p(June 3rd is wet ) | = 0.5 (p(June 2nd is wet)) + 0.2 |

= 0.5 (0.5p + 0.2) + 0.2 | |

= 0.52 p + 0.2(0.5 + 1) | |

p(June 4th is wet) | = 0.5 (p(June 3rd is wet)) + 0.2 |

= 0.53p + 0.2(0.52 + 0.5 + 1) |

What is this expression for June 30th ? , What about July 1st?

For part (v) use your answers for parts (iii) and (iv). Then you can try any value of p between 0 and 1 and do the same sort of calculation for any month in the future not knowing yet what the weather will be like on the first day of that particular month. What do you discover?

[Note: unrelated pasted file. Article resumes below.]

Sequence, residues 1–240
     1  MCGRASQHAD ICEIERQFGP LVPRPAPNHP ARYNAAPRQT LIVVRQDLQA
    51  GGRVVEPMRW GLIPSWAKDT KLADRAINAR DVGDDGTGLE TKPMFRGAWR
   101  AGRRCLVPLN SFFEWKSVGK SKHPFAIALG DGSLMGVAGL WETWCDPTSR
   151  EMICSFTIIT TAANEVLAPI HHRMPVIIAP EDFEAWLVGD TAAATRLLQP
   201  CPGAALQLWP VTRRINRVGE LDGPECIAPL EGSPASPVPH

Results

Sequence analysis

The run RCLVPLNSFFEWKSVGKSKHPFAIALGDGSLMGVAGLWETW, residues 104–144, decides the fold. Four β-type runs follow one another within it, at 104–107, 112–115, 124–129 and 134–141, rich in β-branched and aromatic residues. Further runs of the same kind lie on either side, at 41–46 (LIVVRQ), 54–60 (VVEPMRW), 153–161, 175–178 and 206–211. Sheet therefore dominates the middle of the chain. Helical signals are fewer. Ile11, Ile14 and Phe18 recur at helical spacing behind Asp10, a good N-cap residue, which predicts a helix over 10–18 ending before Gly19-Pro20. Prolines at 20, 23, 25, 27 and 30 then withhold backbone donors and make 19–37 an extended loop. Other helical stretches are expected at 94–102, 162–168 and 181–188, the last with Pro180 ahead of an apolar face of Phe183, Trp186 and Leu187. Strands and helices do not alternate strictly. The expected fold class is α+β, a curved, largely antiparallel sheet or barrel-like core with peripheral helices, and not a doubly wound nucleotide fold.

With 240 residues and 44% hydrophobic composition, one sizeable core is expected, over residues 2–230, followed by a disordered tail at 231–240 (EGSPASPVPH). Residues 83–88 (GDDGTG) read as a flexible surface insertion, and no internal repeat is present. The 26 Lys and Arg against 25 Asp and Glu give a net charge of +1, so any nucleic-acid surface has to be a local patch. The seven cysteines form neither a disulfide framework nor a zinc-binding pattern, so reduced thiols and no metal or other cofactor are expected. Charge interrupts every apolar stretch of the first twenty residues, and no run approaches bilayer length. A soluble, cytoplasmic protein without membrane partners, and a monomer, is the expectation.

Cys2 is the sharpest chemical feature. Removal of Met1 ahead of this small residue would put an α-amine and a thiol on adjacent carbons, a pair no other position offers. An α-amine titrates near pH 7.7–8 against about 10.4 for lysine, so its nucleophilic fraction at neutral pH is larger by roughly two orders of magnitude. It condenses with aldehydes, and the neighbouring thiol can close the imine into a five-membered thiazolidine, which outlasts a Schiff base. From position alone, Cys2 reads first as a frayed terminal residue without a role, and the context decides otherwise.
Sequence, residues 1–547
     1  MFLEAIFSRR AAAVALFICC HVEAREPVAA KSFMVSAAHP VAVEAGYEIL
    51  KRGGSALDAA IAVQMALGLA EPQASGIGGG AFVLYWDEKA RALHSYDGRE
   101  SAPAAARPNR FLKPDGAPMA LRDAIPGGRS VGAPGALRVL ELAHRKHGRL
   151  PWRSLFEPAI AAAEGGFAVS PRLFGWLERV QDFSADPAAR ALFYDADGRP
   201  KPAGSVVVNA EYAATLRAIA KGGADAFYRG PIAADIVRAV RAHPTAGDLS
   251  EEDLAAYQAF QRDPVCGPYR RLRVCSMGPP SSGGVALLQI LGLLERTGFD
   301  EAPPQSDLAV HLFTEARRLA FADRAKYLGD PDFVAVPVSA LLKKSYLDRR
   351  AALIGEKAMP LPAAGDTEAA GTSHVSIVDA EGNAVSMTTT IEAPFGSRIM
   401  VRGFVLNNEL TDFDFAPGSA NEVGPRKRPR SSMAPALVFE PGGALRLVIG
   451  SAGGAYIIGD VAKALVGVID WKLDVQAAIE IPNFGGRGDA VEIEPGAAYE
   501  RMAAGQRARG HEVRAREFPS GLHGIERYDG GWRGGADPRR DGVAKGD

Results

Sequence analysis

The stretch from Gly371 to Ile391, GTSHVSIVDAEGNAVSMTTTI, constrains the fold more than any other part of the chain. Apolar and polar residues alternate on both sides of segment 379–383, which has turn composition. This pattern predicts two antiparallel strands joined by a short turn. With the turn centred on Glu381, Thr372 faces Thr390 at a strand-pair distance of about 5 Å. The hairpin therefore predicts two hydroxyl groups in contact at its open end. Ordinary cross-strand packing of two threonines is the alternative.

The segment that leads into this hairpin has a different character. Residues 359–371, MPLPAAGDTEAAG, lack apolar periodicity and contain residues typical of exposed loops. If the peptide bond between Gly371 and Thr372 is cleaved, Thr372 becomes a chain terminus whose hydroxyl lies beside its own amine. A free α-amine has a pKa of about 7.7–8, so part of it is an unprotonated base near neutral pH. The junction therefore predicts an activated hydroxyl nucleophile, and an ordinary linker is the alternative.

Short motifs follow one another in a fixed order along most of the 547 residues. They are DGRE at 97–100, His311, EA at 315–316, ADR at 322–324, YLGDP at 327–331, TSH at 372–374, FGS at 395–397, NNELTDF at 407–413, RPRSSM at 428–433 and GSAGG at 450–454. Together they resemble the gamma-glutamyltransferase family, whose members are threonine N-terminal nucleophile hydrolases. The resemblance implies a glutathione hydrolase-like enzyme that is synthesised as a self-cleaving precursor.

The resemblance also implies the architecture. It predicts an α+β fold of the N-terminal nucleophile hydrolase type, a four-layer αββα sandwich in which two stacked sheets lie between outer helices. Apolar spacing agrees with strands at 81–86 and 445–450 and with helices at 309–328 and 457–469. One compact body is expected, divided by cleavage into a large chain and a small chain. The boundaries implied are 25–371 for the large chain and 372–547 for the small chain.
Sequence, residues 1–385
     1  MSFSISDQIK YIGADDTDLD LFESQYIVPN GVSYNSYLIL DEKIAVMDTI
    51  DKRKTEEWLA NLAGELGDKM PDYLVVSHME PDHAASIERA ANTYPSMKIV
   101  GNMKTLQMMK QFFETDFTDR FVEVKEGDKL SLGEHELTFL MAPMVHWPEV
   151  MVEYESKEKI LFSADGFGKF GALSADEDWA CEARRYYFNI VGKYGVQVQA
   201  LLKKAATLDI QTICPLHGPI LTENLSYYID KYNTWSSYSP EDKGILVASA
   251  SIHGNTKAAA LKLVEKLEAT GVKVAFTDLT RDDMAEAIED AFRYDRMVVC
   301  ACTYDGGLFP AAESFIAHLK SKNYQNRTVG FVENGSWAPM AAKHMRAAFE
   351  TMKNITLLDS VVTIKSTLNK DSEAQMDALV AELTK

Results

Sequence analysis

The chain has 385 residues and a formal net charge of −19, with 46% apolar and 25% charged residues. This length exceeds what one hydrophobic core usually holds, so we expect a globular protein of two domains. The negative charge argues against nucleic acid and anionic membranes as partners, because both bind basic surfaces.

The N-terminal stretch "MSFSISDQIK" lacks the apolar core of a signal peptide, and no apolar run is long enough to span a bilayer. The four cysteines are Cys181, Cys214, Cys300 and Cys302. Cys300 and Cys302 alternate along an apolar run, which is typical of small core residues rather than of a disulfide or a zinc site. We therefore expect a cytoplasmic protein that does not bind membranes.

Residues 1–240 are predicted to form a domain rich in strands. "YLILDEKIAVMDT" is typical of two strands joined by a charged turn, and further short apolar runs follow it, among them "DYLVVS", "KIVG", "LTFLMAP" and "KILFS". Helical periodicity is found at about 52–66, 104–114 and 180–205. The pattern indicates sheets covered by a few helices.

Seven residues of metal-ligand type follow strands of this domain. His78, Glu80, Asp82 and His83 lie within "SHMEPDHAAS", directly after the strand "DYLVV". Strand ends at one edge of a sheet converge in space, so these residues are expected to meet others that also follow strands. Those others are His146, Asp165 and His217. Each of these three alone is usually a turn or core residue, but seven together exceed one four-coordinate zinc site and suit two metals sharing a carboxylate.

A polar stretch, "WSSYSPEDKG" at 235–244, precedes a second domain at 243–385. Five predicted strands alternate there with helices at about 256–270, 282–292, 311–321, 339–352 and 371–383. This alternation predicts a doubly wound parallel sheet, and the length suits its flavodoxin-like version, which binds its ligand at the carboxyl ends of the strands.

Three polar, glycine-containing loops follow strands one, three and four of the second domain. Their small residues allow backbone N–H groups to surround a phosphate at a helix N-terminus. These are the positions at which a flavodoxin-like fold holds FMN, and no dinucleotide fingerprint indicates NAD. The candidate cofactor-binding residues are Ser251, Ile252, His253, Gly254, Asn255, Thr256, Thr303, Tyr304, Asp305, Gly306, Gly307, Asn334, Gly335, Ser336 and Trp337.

Hopefully here's the solution to 'Rain or Shine' says Edward Toman, age 17, of Blue Coat School, Coventry.

Edward's solution follows. Well done Edward!

i)0.3 and 0.8 respectively

ii)0.5p+0.2

iii)approx. 0.4

iv)approx. 0.4

To get the last two answers I used my calculator. It has a 'double sequence' function, which allows you to put two sequences down which are related. Here are my two functions.

U(n)=0.7U(n-1) + 0.2V(n-1)

V(n)=0.3U(n-1) + 0.8V(n-1)

Set: n=1, U(n)=1 V(n)=0, for starting with a wet day

or n=1, U(n)=0 V(n)=1, for starting with a dry day.

U(n) and V(n) simply mean the probability of 'wet' and 'dry' respectively on day 'n'. They rely on the previous result of the day before.

It does not matter whether the starter day is 'wet' or 'dry' as the overall probability tends towards 0.4 for 'wet' and 0.6 for 'dry'.